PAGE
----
What’s a boy from Ames, Iowa, doing serving up ‘all-night-braised honeycomb tripe with baby fennel and stinging nettles’ at the smartest new restaurant in the nation’s capital? Here’s what. Last year, Mandarin Oriental pulled off a remarkable coup. They snagged chef Eric Ziebold from the French Laundry in Napa, where he had been cooking for eight years, and installed him in their signature restaurant, CityZen, at Mandarin Oriental in Washington D.C. For Ziebold, a Culinary Institute of America graduate, it’s a return to the city which gave him his start. He was holidaying in the capital in 1994 when he heard of a job going at Jeffrey Buben’s new restaurant, Vidalia. He got the job, moved to Washington and stayed two years. Ziebold, 33, is a ringer for Hollywood star Nicholas Cage. Actually, he smiles more than Cage.
I want to know about Ames, Iowa. ‘It’s a college town of 50,000 people,’ he says. His mother was a teacher. And she taught him a thing or two about cooking. ‘She’d put dinner on the table every night at 6pm,’ he reminisces. ‘That wasn’t 5.58pm or 6.02pm. Oh no. No matter what was going on in the world, dinner was on the table at 6pm.’ You sense a sort of wry nostalgia, mixed with admiration. ‘And she was into everything – every fad, every fashion, she went with it.’
At the age of 16, Ziebold found himself a job in a local restaurant kitchen. Boys from his background usually went on to college. ‘At first my parents said, “you’ve got to be kidding,” but they supported my decision nevertheless.’ The restaurant’s owner was a CIA (Culinary Institute of America) graduate and for Iowa, the restaurant, he says, had an impressively contemporary menu. He learned how to make Steak Oscar and perfect hollandaise, which stood him in good stead when he got to the CIA.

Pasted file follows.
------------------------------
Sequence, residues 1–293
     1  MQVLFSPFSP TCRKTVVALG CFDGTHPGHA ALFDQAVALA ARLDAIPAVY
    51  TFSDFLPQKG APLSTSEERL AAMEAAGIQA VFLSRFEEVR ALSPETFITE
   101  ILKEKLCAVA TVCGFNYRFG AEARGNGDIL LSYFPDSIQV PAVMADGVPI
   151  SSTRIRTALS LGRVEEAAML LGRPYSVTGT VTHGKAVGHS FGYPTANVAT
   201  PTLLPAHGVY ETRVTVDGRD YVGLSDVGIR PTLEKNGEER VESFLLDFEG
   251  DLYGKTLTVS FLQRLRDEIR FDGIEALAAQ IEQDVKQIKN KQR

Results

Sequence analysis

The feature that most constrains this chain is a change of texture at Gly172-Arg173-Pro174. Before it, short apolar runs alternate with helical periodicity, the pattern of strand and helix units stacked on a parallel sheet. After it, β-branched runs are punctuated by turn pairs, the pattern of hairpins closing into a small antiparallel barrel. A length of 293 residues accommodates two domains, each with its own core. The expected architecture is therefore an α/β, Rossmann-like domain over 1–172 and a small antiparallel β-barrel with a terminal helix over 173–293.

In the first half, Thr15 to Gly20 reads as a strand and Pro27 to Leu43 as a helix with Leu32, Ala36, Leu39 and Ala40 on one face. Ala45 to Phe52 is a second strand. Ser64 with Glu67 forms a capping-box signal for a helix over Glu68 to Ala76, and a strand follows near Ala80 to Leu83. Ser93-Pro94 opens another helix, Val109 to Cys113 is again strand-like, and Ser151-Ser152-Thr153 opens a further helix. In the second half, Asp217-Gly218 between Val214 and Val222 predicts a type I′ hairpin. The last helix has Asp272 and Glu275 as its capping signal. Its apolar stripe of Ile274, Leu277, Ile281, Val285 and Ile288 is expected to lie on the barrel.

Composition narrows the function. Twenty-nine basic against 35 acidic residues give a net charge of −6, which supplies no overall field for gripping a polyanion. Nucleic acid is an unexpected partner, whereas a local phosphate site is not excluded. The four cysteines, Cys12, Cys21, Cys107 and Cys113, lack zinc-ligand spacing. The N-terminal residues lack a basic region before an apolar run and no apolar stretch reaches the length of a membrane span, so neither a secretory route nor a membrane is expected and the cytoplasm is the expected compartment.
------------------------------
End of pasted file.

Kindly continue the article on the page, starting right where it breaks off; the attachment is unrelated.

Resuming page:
Twelve hours before I meet Ziebold in the lobby of Mandarin Oriental, Washington D.C. I have already eaten at CityZen. He looks relaxed in his crisp whites despite a late night and early start. CityZen is a city-slick restaurant, striking without being glitzy, sumptuous without being over the top. It was designed by Tony Chi, who has worked on several MO properties, and it is something of a D.C. mould-breaker – and not just because of Ziebold’s refined, virtuoso cooking. French limestone columns punctuate marble-effect floors, and diners look out at the lights of Washington, or on to Ziebold’s gleaming, open-plan kitchen. It’s a smart, urban space, neither cluttered nor minimalist, and diners strike me as neither too politico nor too touristy.
Washington is full of people who have travelled and have tried tripe elsewhere. They want to try it again or trust us to give them an adventure
There are guys in sharp pin-stripes, but the guy next door to me looks comfortable in his Hawaiian shirt, waving his phone (despite the stipulation at the foot of the menu: ‘Please silence your cell phone while dining’). It’s a good cosmopolitan mix. Not, of course, that you can ever get away from politics completely in this city. ‘Yup, Newt Gingrich and the Clintons have been in,’ admits Ziebold – but only when pushed.
Although foodie-sophisticates have long considered Washington a meat-and-potatoes town, the gastro map has changed in recent years. Now the city has a clutch of fine restaurants – so what, one wonders, does Ziebold bring to the arena? Well, for one thing, his tutelage under Thomas Keller at the French Laundry has given him a remarkable grasp of what you can and can’t do. ‘Take foie gras,’ he says. ‘I like my foie gras poached. The current trend – at least in America – is to sear it: people want to see a deep gold, caramelised outside. By putting foie gras on a sheet of crisp duck skin, I create the effect of a seared outside, but with the poached foie gras within.’ Does this place him in the school of molecular gastronomy? ‘I respect that route but I don’t go down it,’ he says firmly – while numbering among his friends Heston Blumenthal, who does follow that ethos and who owns the multi-Michelin-starred Fat Duck in Berkshire in the UK.
There are several ways to approach Ziebold’s menu at CityZen. There’s a regular three-course, prix fixe menu – not that anything this man does is strictly regular – a five-course tasting menu, and a vegetarian tasting menu. The previous evening I had had the opportunity of trying dishes plucked from all of Ziebold’s current menus and, lucky as I’ve been to eat in many MO restaurants around the world, I can say without a hint of bias that the gold standard has just been raised.
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